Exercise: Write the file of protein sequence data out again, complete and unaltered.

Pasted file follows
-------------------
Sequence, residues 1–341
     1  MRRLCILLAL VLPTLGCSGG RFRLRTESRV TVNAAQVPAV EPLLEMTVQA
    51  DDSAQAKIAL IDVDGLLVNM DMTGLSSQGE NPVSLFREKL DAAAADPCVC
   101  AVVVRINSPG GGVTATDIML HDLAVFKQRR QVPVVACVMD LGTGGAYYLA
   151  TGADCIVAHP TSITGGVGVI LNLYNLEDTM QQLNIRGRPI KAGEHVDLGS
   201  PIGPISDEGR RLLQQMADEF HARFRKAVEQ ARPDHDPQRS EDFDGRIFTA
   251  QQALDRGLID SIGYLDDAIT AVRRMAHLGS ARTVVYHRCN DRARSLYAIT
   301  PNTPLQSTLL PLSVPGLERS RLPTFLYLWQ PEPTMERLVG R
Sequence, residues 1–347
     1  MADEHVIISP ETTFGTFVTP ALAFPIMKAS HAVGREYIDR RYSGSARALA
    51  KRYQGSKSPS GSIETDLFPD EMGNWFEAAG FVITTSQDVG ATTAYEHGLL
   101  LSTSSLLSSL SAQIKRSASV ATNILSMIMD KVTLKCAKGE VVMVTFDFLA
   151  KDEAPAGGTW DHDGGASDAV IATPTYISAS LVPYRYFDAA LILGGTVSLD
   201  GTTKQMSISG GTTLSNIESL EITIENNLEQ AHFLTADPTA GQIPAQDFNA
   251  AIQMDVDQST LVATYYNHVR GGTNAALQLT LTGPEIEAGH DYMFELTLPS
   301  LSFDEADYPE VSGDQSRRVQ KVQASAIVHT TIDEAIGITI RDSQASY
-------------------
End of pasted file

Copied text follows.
Sequence, residues 1–341
     1  MRRLCILLAL VLPTLGCSGG RFRLRTESRV TVNAAQVPAV EPLLEMTVQA
    51  DDSAQAKIAL IDVDGLLVNM DMTGLSSQGE NPVSLFREKL DAAAADPCVC
   101  AVVVRINSPG GGVTATDIML HDLAVFKQRR QVPVVACVMD LGTGGAYYLA
   151  TGADCIVAHP TSITGGVGVI LNLYNLEDTM QQLNIRGRPI KAGEHVDLGS
   201  PIGPISDEGR RLLQQMADEF HARFRKAVEQ ARPDHDPQRS EDFDGRIFTA
   251  QQALDRGLID SIGYLDDAIT AVRRMAHLGS ARTVVYHRCN DRARSLYAIT
   301  PNTPLQSTLL PLSVPGLERS RLPTFLYLWQ PEPTMERLVG R
Sequence, residues 1–347
     1  MADEHVIISP ETTFGTFVTP ALAFPIMKAS HAVGREYIDR RYSGSARALA
    51  KRYQGSKSPS GSIETDLFPD EMGNWFEAAG FVITTSQDVG ATTAYEHGLL
   101  LSTSSLLSSL SAQIKRSASV ATNILSMIMD KVTLKCAKGE VVMVTFDFLA
   151  KDEAPAGGTW DHDGGASDAV IATPTYISAS LVPYRYFDAA LILGGTVSLD
   201  GTTKQMSISG GTTLSNIESL EITIENNLEQ AHFLTADPTA GQIPAQDFNA
   251  AIQMDVDQST LVATYYNHVR GGTNAALQLT LTGPEIEAGH DYMFELTLPS
   301  LSFDEADYPE VSGDQSRRVQ KVQASAIVHT TIDEAIGITI RDSQASY